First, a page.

Mark A.R. Kleiman, Jonathan P. Caulkins and Angela Hawken, The Wall Street Journal, April 22, 2012
Synopsis: Current drug policies do more damage than necessary and less good than thought, according to the co-authors of the book Drugs and Drug Policy: What Everyone Needs to Know. The three professors acknowledge the “superficial” appeal of legalizing drugs but say legalization would have “dire” consequences. Instead, they advocate “practical” steps to reduce drug use by daily regular monitoring of arrestees with histories of drug use and to reduce violent crime associate with drug trafficking by putting violent drug dealers in jail and pressuring non-violent drug dealers to give up the trade.
Takeaway: “The U.S. has reached a dead end in trying to fight drug use by treating every offender as a serious criminal,” according to the trio. The real prospects for reform depend on “policies, not slogans,” they say, but “it remains to be seen whether our political process . . . can tolerate the necessary complexity.”
--Kenneth Jost, Associate Editor
Synopsis: New research on breast cancer shows that the old method of characterizing -- and treating -- cancers as being the same if they appear in the same organ has little basis in fact. Detailed gene studies of 2,000 breast-cancer patients revealed 10 different patterns of the disease that could eventually lead to different ways of treating it.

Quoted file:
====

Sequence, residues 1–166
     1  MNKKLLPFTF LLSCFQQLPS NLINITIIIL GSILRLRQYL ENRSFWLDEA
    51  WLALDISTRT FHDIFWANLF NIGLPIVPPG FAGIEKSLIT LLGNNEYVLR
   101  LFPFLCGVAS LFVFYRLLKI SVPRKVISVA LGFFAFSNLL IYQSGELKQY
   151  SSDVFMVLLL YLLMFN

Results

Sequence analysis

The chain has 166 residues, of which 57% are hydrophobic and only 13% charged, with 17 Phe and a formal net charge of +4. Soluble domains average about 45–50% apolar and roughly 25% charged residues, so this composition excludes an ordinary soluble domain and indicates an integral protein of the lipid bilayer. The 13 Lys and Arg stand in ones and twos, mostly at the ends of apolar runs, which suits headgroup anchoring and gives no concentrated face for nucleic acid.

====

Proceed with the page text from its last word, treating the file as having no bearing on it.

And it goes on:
Takeaway: "We are a long way from using the new definitions in hospitals, and the immediate impact on patients will be limited. There are clear survival differences among the 10 categories. Clusters two and five seem to have a 15-year survival of around 40 percent. Clusters three and four have around 75 percent survival over the same period. This could help better inform patients....The hope is that by identifying the 10 breast cancers it will be possible for researchers to design drugs for each one, but that is still a work in progress."
For more on cancer and genetic medicine, see our reports on Genes and Health (Jan. 21, 2011), Breast Cancer (April 2, 2010) and Preventing Cancer (Jan. 16, 2009).
--Marcia Clemmitt, Staff Writer
Takeaway: Turkle writes: “Human relationships are rich; they’re messy and demanding. We have learned the habit of cleaning them up with technology. And the move from conversation to connection is part of this. But it’s a process in which we shortchange ourselves. Worse, it seems that over time we stop caring, we forget that there is a difference.”
For background see Marcia Clemmitt, “Cyber Socializing,” CQ Researcher, July 28, 2006.
--Thomas J. Colin, Contributing Editor